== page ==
Using the tarp, they erected the lean-to by securing it to the ATV and tying it to the unimpressive-looking trees they had parked next to. A second, much smaller tarp was placed on the frozen ground, and atop it went their respective bedrolls. They had replaced the thin, military-issued blankets obtained from the mesa city with much thicker and warmer ones stolen from the Zeon family, but even with them, T’Pol suspected she would shiver most of the night. Charles was asleep within seconds – the stress of their escape the previous night had clearly drained him, but the noises and general discomfort of the ATV seats made sleep impossible for him while she drove.
Nearly an hour passed before T’Pol opened her eyes, unsure exactly why she wasn’t able to get to sleep. She carefully sat up, moving as quietly as possible to avoid waking her companion, and gave the scanner a quick glance, satisfying herself that no other life forms were within seventy-five meters. The booms of artillery and explosions had long since faded away, leaving only a deathly silence that was mildly disconcerting, even to her. A long moment passed before T’Pol realized she was watching Charles sleep, his features illuminated by the light of three moons now bathing the entire snow-covered valley with soft light.
Frustrated at her inability to rest, T’Pol decided that meditation might be in order. She closed her eyes, adjusted her posture slightly, and pushed all other distractions from her mind. With calm breaths, she inhaled control and exhaled chaos. Here, in this place, there were no sounds, no images, no smells. Only peace.
And Charles’ snoring.
To her surprise, she realized that she had incorporated the soft, raspy sound into her meditation, and was using it as a focus. The instant her mind processed this new bit of information, T’Pol’s eyes snapped open. Comprehension dawned, and she stared at his sleeping form. You are a fool, she told herself. You should have expected this.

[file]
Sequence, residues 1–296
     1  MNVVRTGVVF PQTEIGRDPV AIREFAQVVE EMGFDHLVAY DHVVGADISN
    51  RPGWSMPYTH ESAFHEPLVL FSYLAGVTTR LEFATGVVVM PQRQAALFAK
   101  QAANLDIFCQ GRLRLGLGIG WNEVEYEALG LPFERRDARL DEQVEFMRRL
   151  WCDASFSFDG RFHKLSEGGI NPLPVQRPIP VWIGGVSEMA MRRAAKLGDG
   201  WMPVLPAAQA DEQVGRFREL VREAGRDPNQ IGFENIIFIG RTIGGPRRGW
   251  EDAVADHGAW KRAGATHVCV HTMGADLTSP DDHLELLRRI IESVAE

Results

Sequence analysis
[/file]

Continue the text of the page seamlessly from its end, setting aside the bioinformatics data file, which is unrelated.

At some point, her subconscious had apparently linked Charles’ presence with rest and sleep, and the extent to which Vulcans were controlled by their instincts was a closely guarded secret among her people. One hundred and two Ekosi days – eighty-nine point two-five Earth standard, the analytical portion of her brain whispered – with only Tucker as a companion, and at least three-quarters of that time sharing blankets with him had clearly played havoc with her normal sense of privacy. The neuropressure certainly had not helped in that regard, she reflected wryly, no matter how necessary it had been, and T’Pol wondered how she should proceed. To continue along this path, to allow herself to become emotionally invested in Charles, could only lead to pain, especially if the ancient stories about psychic bonds were true.
You are already emotionally invested in him, her conscience pointed out flatly. He was her only companion, her only friend on this world, and T’Pol instinctively knew that he would give his life to protect hers. A primal part of her shivered at the thought, but she pushed the emotion out of her mind to focus on her next course of action. Trust had been earned between them, but it was still fragile, and if she made a misstep, all of their efforts to this point could be for naught. She frowned, considered, reflected.
Without giving herself time to second-guess her decision, T’Pol quickly gathered her blankets and crossed the short distance to where Charles slept. He stirred almost instantly as she draped the second layer over him and woke the moment she slid underneath the covers beside him. Blinking rapidly, he gave her a questioning look through bleary eyes.
“T’Pol?” he slurred.
“I am cold,” she answered, suddenly embarrassed by her weakness. How could she explain to him what she did not entirely understand herself? To her relief, he accepted the answer as the truth and shifted closer to her. T’Pol instinctively relaxed against him, her head dropping onto his chest where she could hear the steady and reassuring beat of his heart. His arm came up around her, pulling the blankets closer, and she could sense him beginning to drift back into unconsciousness. “Go to sleep, Charles,” she whispered as her own eyes slowly closed.
“’s Trip,” he mumbled. “Name’s Trip.” A moment later, he was asleep, and T’Pol realized she was smiling.
“Go to sleep, Trip,” she whispered.
But only the wind heard her words.